• keeps jeans and bras on the right of her bed, which are the things she wears more than once before washing. Stumbles to them in the morning, stumbles to t-shirts and socks on the left, as soon as she comes back home after dropping off the kids, puts on pajamas again
      • gets dressed and undressed several times a day
  • Fat and fashion
    • We are three fat women.
    • Using fat as a label helps make it a more neutral descriptor but maybe don’t use it as a label on someone unless you know they use it in their identity
    • Hard to find clothes that fit or have the style you want or aren’t restrictive
    • Scarcity of access to fashion, particularly when shopping secondhand
    • Friend of the podcast Marianne Kirby writes nonfiction about fat and fashion and is an extremely fashionable fat person
      • taught Robyn to stop buying fashion for a size she’s not
      • also recommended Vintage Veronica by Erika S. Perl – cute story about a young adult coming of age who is a fat character that loves fashion and doesn’t need a makeover
    • Karen loves Bet Me by Jennifer Crusie – adult romance, sibling’s wedding brings up a lot of body stuff and clothing stuff because of family pressure – does get a makeover of sorts, but it is more that she gets clothes and make-up that work with her fat body as it is and how she embraces colors, etc., celebrating the body she has rather than changing it
    • Makeover trope is often about transforming the ugly self to become the pretty self when in reality, we are all pretty great
      • Robyn brings up What Not to Wear which has good points but has some problematic stuff around beauty and style — one good point is that they need to try on clothes because you don’t know what will feel good on or what will look good or both — led to Robyn trying skinny jeans for the first time and learning that they are comfortable and they look good
        • Carla talks about how hard it is when you get to the bigger plus sizes to find stuff in stores because they don’t keep them in store, you have to try to order online, which can be cost prohibitive and time consuming
      • Be open to trying new stuff and accepting of your body as it is
    • Karen talks about difficulties with mothers and daughters and fatness and fashion
    • Oh, Glee season two, Carla both loves and hates you (tiny little part is the only part she liked and really watched)
      • Compare Lauren Zizes and Mercedes Jones, both fat characters, though Lauren is fatter
        • Mercedes is often not confident in her awesomeness, dresses in somewhat more subdued ways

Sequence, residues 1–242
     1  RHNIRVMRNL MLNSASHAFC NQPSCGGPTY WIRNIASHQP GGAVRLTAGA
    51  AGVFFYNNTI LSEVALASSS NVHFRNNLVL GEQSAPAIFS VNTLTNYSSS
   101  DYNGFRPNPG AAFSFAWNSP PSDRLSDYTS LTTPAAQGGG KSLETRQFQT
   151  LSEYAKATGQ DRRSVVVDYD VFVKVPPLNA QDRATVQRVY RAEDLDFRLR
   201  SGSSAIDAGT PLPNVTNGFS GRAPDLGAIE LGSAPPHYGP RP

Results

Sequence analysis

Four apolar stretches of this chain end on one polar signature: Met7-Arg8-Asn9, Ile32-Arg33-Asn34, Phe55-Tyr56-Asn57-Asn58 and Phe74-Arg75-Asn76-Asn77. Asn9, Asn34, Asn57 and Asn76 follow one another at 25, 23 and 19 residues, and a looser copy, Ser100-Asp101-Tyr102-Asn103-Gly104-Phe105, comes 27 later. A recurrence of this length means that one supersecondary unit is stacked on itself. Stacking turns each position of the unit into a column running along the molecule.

• Lauren is very confident and dresses in bright colors and eye-catching styles
        • HOWEVER, Lauren never bares her upper arms, especially in their choreographed outfits — felt out of character for a character who was so confident otherwise (and who is a wrestler in a tight outfit so regularly) to hide her arms
          • Mercedes sometimes does start baring her upper arms
      • Karen brings up Tina Cohen-Chang who is not fat but is Hollywood middle size, and she wears a bunch of different fashions
        • when the choreographed outfits include strapless dresses, Mercedes almost always has straps, Rachel almost never does, and Tina sometimes does
      • One potential complication is that maybe the actor doesn’t want to bare her arms, which is perfectly valid, but still doesn’t fix the out-of-character feel of it
    • Karen and Robyn both love Crazy Ex-Girlfriend
      • Rebecca is a fat character with very interesting clothes and songs that embrace her body
      • She’s also not the only fat character (e.g., her best friend Paula is also fat but in a different way)
      • Rebecca wears pretty much everything, jeans, swimsuits, leopard print unitard, sparkly evening gown, her underwear — has a ton of fantasy dream sequences
      • Again touches on mothers and daughters and bodies — Rebecca’s mother is an abusive mother and fat-shamed her quite a bit
      • Food and bodies and sexiness intersect in interesting ways
      • Lots of romantic and platonic love despite certain cultural ideas that fat people will never be loved

Things Mentioned in the Episode

  • Marianne Kirby’s writing on fat and fashion
  • Vintage Veronica by Erika S. Perl
  • Bet Me by Jennifer Crusie
  • What Not to Wear
  • Glee (specifically the second half of season two)
  • Crazy Ex-Girlfriend

Find Us Online

Carla: @carlamlee on TwitterTumblrInstagram
Karen: @kehealey on Twitter, @karenhealey on Tumblr, and
Robyn: @robyn_writing on Twitter

Leave a Reply

Your email address will not be published. Required fields are marked *

This site uses Akismet to reduce spam. Learn how your comment data is processed.